GE: Solar business is our 'next wind'

(CNET) -- General Electric plans to give its solar business a charge in two years with the introduction of panels with the same solar cell material used by industry cost leader First Solar.

In 2011, the energy giant expects to produce solar panels made with cadmium telluride, a thin-film solar cell material, said Michael Idelchik, vice president of advanced technologies at GE Global Research at the EmTech conference here on Wednesday.

The company now sells solar panels that use silicon solar cells, but its long-term bet is on thin-film and specifically cadmium telluride because it offers the cheapest cost per watt, he said.

Last year, GE's energy division took a majority stake in Golden, Colorado-based PrimeStar Solar, for its cadmium telluride cell technology. GE is now developing a product around that aimed at utility and commercial customers.

Solar at GE is a relatively small part of its sprawling energy portfolio, which covers everything from nuclear power plants to natural gas turbines. But GE expects that solar has the potential to grow rapidly, as its multi-billion dollar wind business has done over the past five years.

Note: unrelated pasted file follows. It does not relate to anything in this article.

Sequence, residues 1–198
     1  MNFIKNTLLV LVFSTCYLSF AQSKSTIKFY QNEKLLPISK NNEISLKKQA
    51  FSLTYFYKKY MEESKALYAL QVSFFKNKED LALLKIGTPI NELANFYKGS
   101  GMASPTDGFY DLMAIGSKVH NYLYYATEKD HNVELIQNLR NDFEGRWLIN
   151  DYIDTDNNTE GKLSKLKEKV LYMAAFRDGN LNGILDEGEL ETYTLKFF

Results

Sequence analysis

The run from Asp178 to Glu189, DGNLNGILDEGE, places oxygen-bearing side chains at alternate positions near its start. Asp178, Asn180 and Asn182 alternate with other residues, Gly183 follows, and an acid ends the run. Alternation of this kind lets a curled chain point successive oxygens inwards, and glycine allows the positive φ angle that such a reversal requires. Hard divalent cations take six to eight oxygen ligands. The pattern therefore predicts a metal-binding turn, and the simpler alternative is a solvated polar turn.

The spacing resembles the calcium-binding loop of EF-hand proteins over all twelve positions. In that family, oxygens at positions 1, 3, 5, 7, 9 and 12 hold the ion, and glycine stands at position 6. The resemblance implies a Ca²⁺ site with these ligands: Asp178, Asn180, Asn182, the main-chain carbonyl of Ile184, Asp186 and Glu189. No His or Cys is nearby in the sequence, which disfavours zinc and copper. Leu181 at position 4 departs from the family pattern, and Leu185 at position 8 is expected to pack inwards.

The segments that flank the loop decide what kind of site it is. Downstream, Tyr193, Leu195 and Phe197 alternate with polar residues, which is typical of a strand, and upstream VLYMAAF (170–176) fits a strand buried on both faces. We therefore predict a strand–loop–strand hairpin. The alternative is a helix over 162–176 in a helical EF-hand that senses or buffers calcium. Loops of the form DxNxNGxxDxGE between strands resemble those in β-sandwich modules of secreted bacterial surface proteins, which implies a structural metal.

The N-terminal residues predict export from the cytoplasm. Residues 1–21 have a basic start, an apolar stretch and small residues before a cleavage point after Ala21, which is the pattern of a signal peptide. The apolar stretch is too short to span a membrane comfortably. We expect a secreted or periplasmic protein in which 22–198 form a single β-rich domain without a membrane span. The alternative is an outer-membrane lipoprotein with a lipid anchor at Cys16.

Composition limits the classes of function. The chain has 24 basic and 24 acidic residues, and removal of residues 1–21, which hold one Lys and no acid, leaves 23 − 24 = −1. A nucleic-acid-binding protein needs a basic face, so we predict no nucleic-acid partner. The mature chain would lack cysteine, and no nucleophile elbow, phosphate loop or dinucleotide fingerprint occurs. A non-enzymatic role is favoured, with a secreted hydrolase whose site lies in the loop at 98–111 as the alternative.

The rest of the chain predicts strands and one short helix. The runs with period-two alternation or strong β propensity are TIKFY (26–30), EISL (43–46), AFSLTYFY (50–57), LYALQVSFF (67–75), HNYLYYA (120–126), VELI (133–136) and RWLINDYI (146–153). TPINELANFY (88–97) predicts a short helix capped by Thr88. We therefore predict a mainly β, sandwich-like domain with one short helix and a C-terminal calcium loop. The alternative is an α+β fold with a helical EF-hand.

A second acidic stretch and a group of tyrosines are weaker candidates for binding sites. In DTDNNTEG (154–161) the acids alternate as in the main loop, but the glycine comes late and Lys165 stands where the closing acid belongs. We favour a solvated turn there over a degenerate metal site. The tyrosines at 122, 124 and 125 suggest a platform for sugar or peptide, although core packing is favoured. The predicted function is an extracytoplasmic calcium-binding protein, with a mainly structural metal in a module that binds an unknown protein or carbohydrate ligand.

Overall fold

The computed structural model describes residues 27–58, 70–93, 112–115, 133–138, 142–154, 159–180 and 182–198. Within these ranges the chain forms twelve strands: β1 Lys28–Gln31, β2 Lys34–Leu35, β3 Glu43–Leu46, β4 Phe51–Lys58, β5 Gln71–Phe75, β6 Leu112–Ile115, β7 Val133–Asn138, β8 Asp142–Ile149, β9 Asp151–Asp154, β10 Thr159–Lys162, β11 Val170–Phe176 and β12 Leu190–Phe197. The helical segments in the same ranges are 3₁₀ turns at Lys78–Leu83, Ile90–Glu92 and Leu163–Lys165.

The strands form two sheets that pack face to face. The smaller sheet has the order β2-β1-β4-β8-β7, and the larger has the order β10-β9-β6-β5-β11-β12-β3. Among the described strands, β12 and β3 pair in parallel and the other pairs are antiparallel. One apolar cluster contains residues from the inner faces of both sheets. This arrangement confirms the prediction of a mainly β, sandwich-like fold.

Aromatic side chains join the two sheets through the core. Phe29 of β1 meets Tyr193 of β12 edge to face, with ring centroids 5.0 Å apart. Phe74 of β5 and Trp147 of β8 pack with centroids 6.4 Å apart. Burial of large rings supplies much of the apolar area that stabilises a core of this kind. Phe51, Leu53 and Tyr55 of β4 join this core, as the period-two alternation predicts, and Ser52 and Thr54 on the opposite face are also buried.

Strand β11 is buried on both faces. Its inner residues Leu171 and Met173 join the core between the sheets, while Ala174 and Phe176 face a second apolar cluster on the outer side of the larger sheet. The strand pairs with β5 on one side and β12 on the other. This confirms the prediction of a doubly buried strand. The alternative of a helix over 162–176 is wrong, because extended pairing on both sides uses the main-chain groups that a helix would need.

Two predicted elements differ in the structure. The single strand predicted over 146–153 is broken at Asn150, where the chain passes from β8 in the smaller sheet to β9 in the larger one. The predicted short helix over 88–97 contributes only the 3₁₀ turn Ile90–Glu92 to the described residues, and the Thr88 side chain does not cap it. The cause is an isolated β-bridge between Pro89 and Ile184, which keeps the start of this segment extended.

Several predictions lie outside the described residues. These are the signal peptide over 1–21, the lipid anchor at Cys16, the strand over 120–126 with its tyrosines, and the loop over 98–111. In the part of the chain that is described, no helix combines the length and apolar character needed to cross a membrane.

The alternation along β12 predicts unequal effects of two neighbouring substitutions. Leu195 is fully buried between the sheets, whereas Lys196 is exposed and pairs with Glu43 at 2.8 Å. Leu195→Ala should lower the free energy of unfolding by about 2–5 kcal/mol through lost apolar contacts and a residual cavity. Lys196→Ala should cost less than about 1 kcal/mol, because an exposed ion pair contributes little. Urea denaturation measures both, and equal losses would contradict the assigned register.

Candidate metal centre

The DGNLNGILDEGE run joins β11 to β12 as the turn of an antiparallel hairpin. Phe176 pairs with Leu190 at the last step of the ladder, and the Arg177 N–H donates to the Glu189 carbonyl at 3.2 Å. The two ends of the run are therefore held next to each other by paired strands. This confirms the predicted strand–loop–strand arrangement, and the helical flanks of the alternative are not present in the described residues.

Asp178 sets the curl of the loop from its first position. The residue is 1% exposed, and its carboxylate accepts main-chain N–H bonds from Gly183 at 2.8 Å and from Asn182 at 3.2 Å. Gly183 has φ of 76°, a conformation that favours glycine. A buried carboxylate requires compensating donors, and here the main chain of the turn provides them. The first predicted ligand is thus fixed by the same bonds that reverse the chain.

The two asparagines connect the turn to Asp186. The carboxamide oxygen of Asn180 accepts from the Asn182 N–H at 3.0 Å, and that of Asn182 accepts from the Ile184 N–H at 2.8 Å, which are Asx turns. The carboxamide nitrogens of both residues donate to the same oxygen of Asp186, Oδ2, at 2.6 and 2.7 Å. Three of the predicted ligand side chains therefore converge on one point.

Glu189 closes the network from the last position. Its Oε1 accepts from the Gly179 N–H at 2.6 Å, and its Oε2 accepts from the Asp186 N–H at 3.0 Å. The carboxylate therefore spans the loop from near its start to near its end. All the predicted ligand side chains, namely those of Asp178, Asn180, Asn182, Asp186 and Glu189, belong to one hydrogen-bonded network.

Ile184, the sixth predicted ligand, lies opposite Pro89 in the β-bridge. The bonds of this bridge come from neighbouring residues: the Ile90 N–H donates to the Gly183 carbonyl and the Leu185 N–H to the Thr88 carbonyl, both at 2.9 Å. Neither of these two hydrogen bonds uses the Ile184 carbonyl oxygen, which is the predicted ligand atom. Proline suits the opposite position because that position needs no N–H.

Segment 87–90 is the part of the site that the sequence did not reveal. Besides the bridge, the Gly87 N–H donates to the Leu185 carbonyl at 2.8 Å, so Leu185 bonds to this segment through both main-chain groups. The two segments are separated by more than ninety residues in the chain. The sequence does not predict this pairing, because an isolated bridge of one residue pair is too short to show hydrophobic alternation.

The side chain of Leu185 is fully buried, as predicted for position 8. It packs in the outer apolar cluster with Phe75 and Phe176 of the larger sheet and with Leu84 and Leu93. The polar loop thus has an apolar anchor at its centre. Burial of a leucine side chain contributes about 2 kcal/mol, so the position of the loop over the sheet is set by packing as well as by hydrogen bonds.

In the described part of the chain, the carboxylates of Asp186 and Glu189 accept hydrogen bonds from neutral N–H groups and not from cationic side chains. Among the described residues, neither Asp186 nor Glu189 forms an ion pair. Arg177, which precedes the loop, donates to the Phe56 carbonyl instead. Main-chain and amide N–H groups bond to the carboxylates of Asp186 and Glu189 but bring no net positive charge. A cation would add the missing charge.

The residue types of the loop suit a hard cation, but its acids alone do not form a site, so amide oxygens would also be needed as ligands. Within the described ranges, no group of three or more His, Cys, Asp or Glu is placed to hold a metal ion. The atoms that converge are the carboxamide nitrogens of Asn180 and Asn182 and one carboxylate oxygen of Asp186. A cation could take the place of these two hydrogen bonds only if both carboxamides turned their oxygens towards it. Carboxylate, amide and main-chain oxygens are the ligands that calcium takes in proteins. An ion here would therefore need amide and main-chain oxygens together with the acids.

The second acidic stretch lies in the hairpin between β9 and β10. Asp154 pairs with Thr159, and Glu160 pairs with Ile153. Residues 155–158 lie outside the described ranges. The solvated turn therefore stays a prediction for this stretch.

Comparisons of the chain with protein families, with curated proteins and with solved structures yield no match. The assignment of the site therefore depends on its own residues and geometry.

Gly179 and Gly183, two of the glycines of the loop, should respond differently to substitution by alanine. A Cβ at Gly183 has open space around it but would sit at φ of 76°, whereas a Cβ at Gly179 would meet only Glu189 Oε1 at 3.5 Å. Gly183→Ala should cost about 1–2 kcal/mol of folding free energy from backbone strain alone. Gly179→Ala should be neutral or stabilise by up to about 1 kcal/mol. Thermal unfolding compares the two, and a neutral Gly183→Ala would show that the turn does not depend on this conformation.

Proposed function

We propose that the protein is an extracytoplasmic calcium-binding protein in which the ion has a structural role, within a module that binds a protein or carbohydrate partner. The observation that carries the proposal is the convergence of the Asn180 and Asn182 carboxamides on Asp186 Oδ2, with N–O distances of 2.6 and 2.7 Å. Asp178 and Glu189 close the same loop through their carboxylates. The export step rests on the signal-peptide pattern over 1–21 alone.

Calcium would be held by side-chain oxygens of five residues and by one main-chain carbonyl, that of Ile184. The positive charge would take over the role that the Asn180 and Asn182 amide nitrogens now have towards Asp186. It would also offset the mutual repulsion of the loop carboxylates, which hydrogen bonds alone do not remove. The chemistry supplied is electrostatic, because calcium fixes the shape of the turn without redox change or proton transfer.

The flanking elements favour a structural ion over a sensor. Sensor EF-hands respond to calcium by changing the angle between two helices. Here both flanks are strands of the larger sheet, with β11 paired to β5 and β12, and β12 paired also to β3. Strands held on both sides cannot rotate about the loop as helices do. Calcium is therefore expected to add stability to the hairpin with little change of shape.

"Solar is definitely the next wind for us. It's not there yet but it's moving very rapidly," said Idelchik. Solar is more expensive than wind right now, but GE expects that renewable energy mandates will help drive growth and bring costs down, he said.

Thin-film solar cells offer lower production costs than the incumbent silicon because thin-film cells use far less material.

Over the past five years, several solar companies have formed to make thin-film cells from a combination copper, indium, gallium, and selenide (CIGS), which are still not in the market in high volumes. GE's cells will be made from a compound of cadmium and tellurium.

Silicon cells are durable and more efficient at converting sunlight to electricity than thin-film solar cells with the most efficient commercial silicon cells over 20 percent. But GE Research projects that it can boost the efficiency of cadmium telluride to 12 percent and potentially higher, Idelchik said.

"We are excited about it because it can produce in diffuse light," he said. "The module (panel) life is 20 years -- that's what the customer wants. It has the right production costs and right efficiency target."

Asked how its cadmium telluride products will differ from First Solar's, Idelchik said that GE's device would be more "flexible for customers." During his presentation, Idelchik said that GE is looking at ways at managing an entire solar array in a large installation built by a utility or commercial customer.

After his talk, he said that GE is developing technology to recycle the solar cell material, as cadmium is a very toxic if it enters the environment